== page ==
Why Adam Dunn Could Be The Answer For Baltimore:

May 25, 2012 in Uncategorized



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Now I know many people will question why the White Sox would even make Dunn available given the fact that they are currently in 2nd place in the AL Central, and he's having a monster year. The fact is the White Sox appear to be playing over their head right now, and may have a problem overtaking the Indians and/or holding off the Tigers. If Chicago begins to slip they could look to unload some of their assets, and rebuild. They have perhaps the weakest farm system in the majors, and could jump start their rebuild, by dealing guys like Jake Peavey ($22 million option in 2013), Gavin Floyd (affordable $9.5 million option, but could still be dealt), and Dunn (owed $30 million over the next two years). Though the White Sox have never been shy about spending, they might want to free up that money owed to Dunn, while at the same time add a couple quality prospects.

Why It Makes Sense For Baltimore:

The Orioles are easily capable of maintaining an aggressive payroll, but they'll never likely be an elite payroll team, meaning they will always fall short of the biggest impact free agents. So the idea of them getting in the Josh Hamilton market next offseason is probably a pipe dream (not to mention they have to ensure they can afford to extend Adam Jones and Matt Wieters). Dunn on the other hand offers the impact bat at just 75% the cost, and at a fraction of the years.

Dunn also entices the Orioles because he's one of the few big time bats the Orioles could acquire without gutting their own farm system. Dunn's poor defense and two and a half year commitment essentially means that only American League teams would have an interest (plus the Astros since they are heading to the AL next year). Add in the fact that Dunn is owed $30 million over the next two years, and multiple other suitors will also bow out. The lack of a major market for Dunn's services, should keep his trade value relatively low (based on his offensive production). The O's will have to give up a couple quality prospects, but it doesn't seem like it will be prohibitive.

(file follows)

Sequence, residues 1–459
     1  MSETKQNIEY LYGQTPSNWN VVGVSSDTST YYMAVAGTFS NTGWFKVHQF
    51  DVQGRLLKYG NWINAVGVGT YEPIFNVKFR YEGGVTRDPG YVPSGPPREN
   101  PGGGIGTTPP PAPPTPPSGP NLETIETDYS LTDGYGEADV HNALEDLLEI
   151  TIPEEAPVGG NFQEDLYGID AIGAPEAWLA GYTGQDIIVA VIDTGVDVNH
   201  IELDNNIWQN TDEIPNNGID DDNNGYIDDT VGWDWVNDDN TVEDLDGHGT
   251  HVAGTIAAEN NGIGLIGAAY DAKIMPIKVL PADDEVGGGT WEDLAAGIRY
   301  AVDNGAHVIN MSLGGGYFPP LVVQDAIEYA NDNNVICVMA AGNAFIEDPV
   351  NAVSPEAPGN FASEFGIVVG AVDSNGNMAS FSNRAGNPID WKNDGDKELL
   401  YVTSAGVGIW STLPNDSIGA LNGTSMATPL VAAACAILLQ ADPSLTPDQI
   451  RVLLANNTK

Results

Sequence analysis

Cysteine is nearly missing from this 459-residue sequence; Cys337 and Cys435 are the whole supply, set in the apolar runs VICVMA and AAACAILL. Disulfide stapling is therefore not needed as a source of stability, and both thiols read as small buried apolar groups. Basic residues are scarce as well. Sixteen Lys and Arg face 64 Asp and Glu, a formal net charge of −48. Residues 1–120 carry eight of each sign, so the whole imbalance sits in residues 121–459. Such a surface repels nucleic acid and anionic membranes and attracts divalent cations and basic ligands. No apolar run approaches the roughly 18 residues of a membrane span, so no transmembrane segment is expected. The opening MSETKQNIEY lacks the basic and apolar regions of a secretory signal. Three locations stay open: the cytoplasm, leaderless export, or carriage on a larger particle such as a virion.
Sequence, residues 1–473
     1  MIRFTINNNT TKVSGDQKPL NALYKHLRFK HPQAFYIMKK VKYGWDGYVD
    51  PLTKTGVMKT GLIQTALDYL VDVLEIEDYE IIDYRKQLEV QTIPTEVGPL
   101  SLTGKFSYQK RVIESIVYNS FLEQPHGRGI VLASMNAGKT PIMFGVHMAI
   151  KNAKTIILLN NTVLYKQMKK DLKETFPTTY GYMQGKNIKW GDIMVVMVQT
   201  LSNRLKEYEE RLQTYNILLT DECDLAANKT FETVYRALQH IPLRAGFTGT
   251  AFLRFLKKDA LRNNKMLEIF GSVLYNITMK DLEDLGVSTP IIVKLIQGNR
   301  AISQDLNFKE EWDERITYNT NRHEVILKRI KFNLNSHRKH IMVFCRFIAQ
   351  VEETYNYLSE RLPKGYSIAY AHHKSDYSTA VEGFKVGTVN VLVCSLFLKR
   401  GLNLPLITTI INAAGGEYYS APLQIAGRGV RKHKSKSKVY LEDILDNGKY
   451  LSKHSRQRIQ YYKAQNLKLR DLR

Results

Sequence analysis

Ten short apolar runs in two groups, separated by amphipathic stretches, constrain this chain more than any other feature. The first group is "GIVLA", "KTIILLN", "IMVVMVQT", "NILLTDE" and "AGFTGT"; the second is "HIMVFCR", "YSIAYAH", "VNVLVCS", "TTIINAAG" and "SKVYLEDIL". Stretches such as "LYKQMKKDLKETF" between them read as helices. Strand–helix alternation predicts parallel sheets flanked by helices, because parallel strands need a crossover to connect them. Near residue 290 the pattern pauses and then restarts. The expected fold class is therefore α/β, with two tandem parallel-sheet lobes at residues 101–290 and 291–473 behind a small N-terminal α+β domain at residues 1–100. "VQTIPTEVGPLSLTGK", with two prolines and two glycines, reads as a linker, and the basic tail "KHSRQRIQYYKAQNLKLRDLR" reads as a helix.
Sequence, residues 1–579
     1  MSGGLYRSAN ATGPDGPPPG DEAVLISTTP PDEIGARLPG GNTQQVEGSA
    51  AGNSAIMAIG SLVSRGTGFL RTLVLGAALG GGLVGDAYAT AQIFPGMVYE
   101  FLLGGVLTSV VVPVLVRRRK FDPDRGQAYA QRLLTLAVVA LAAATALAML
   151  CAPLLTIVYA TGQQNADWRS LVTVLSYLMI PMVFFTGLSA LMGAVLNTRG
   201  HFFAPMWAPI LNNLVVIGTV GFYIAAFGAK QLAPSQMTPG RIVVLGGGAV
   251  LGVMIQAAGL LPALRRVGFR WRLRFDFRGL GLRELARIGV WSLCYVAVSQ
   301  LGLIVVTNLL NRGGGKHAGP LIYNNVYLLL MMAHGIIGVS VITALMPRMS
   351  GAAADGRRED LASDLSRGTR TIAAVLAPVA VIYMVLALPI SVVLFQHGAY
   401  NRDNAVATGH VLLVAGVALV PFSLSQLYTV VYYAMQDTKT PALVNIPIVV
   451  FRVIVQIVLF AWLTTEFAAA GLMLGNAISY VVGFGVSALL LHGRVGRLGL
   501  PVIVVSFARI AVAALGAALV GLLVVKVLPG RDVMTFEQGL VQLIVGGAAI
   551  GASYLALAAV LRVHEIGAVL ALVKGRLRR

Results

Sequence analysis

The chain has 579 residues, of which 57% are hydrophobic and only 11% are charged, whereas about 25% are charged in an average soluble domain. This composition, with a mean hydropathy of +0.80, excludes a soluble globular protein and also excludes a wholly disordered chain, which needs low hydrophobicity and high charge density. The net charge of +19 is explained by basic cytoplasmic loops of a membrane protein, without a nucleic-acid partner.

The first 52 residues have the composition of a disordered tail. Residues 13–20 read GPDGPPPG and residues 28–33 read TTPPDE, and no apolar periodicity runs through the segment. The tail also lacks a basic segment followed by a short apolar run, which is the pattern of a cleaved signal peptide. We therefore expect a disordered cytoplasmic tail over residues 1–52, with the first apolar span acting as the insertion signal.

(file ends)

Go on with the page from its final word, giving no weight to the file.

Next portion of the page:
How He Fits In For The Orioles:

The Orioles have been mashing the ball this year, but have gotten below average production from the DH spot, both in terms of on base percentage and slugging. Dunn would be a major boost to both areas. In fact Dunn's OBP currently would be over 40 points higher than any Oriole regular. Dunn would add a great impact bat in the middle of the Orioles line-up and could set their offense further apart from their rivals. He'd fit well at Oriole Park, and should see his numbers continue to thrive.

Conclusion:

I know some Oriole fans might fear that Dunn will be Mark Reynolds 2.0, but that is an unfair comparison. Dunn walks more, strikes out less, and has more overall power. Dunn is also a more consistent hitter (last year was really a fluke), who is a better fit for Baltimore. Reynolds best year he had a wOBA of .381, a number that Dunn has topped in 5 seasons (and is currently on pace to top again).